Musella Dembech tailor
 
While in Milan earlier in the year I had a chance to catch up with Gianfrancesco Musella-Dembech, whose family run a small bespoke operation in Milan.

Mother, father and son all work in the same room, which is also part of their appartment. Although they also use an external trouser maker, this is the hub of activity. Patterns are being cut on one table by Gianfrancesco (the son), while mother and father work on a jacket behind him. 

The three are wonderfully welcoming and have a good number of yarns to tell, given that the father, Francesco Musella (above) has been intertwined with several aspects of the story of north Italian tailoring.
 

Musella Dembech bespoke

 
Let’s unwind a little of that story. Francesco worked as a cutter for the tailoring houses of Baratta, Giuseppe Colovito and Donnini e Caraceni. In this case that Caraceni is Augusto, and although we know his name, Francesco reminds us that Mario Donnini was just as important in the Donnini e Caraceni partnership. Indeed for Francesco, Donnini was the master: perhaps the most important cutter in the whole north-Italian tradition. Gianni Agnelli was a Donnini customer on San Babila, and Francesco is particularly proud of his work for Agnelli while he was there.

As for Giuseppe Colovito, he ran a separate atelier in Milan, and was an heir to Cesare Tosi – again, one of the most important and often forgotten names in Milanese tailoring. Baratta, meanwhile, was a key influence and a name that was bought out by the Campagna family along with Domenico Caraceni.
 

Musella Dembech2 Musella Dembech

 
The Musella family’s style today is rooted in the north-Italian cut of all these names, with a few idiosyncratic details such as two broad rows of stitching across the top of patched chest pockets. The structure is lighter than other Milanese tailors, but the style is not Neapolitan, despite suggestions elsewhere. Other things that distinguish it are: a carefully worked shoulder, that sits close all round and is slightly forward of most cuts; a full sleeve with an egg-shaped crown; unflapped pockets on suits; high-waisted trousers with two pleats; 5cm turn-ups; and curved rear trouser pockets.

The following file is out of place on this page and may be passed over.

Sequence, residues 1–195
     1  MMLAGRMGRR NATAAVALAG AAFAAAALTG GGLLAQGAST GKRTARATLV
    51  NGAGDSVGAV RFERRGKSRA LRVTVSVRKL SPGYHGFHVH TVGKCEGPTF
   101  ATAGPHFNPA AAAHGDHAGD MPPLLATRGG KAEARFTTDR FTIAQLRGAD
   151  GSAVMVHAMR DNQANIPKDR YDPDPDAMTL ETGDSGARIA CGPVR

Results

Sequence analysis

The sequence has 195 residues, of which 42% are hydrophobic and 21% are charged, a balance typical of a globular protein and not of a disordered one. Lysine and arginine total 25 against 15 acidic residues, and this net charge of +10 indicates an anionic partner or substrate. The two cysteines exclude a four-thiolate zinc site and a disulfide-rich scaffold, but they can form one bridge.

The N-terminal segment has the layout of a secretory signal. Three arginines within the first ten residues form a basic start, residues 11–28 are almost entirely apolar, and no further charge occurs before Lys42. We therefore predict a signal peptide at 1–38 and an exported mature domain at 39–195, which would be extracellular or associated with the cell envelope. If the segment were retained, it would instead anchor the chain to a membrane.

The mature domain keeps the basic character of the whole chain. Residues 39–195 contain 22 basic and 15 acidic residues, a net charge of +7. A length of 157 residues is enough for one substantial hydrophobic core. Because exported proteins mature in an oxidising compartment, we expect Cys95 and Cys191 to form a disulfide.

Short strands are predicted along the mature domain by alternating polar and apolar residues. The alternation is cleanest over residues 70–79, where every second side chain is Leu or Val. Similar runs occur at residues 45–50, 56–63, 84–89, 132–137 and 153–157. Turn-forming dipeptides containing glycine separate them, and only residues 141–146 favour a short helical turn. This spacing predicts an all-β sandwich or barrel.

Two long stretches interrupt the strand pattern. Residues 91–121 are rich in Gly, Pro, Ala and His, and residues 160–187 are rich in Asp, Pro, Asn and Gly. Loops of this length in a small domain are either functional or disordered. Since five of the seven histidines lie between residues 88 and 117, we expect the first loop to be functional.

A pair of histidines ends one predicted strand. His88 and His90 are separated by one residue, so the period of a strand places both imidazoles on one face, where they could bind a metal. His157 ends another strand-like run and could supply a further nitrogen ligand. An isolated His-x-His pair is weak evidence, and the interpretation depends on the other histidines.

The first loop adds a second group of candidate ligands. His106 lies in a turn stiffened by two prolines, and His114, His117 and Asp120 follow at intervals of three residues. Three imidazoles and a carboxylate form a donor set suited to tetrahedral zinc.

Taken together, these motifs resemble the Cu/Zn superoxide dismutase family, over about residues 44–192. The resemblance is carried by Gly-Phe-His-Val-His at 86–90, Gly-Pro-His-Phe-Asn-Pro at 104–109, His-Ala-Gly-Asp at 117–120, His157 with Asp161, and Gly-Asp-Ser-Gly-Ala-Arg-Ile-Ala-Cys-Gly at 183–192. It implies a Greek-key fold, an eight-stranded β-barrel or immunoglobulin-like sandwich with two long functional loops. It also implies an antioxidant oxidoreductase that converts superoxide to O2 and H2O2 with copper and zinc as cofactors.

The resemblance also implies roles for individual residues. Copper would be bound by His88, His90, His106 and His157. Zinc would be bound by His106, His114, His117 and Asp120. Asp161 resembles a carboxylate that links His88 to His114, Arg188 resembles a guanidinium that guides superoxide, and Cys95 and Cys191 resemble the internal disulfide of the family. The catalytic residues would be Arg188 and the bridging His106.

Francesco has been key in the development of his son as a cutter, helping him develop his first patterns and still supervising all his work today. Gianfrancesco, on the other hand, has been very effective at spreading the name of the family firm. They have a popular website-cum-blog with regular updates on work, and have received a lot of attention online (particularly for polo-collared sweaters developed by the aunt).

If you like the style, they’re certainly worth visiting in Milan. Two-piece suits start at €4500.
 

Musella Dembech milan

Subscribe
Notify of
guest
14 Comments
Oldest
Newest
Inline Feedbacks
View all comments
Anonymous

What is the starting price for a 2 piece with them?

Scott

This is a really interesting article. Everywhere one looks in Italy these small bespoke makers appear. You’re doing a superb job of shining a light on this fascinating and amazingly talented group of people. The Italians seem to have an inborn sense of style and wonderful taste. When this is combined with a high level tailoring skill the combination is just outstanding, producing clothes of beauty and timeless elegance.

Rob O

Thanks Simon. I am currently having a couple of jackets made by Gianfrancesco and his charming family. The house cut is excellent and they are a joy to work with. The fit and finish of their soft-shoulder style is up there with the best in my view. The prices certainly make the additional flight/hotel costs from the UK to Milan worthwhile.

Robb

Beautiful post, I always follow their work with great interest. .this is just pure tailoring art.

Alex

Thanks, Simon, for going into the history of the family. The son’s tie seems to be a nice shantung green. Which leads to my three relatively quick questions:

1. I have a shantung necktie and a twill repp necktie that I bought in 2011 from Drake’s that are 7cm in width. Is that width too narrow/skinny for classic menswear? I know 8cm to 9cm are fine, but what about 7cm? Should I get rid of my 7cm ties?

2. What textures/materials of ties complement cotton suits? Would a grenadine tie be too formal? Your post praising cotton suits mentioned grenadine being paired with cotton.

3. Is wearing a shantung necktie limited to summer, and a wool tie to fall/winter?

Thanks so much.

Hristo

I have a sport jacket made by Gianfrancesco Musella and I am very happy with the result.
Especially the fit on the back was better than the fit of other bespoke jackets that I own.
I can highly recommend him.
And the communication with him is really easy because Gianfrancesco is fluent in English and you can discuss with him everything in detail.

Jerrell

Hello Simon,

Going back to your post about flannel suits – do you think the reputation of Fox is warranted? Is your dove gray A&S flannel from them?

Fool in jungle

Dear Simon,

Somewhere on your website is the instruction not to worry about irrelevance of a question because you will see to it’s proper place; nowhere can I find in the archive or otherwise where my problem has appeared. Yesterday in a store suddenly a button shot like a rocket from the middle of my RTW wool odd jacket in a one-and-a-half meter trajectory to the floor in front of me. I was caught completely by surprise. If I had any reason, too tight fit, loose thread, whatever, I would have been more cautious. I picked up the button and identified at once its earlier position as the upper of two buttons, the button I always close. My problem is how to resew it. I see the thread disappears in the cloth. I’m in the wilderness, far from its label New & Lingwood, far from any trustworthy tailor. I’m afraid to let my girlfriend sew it. What must I know?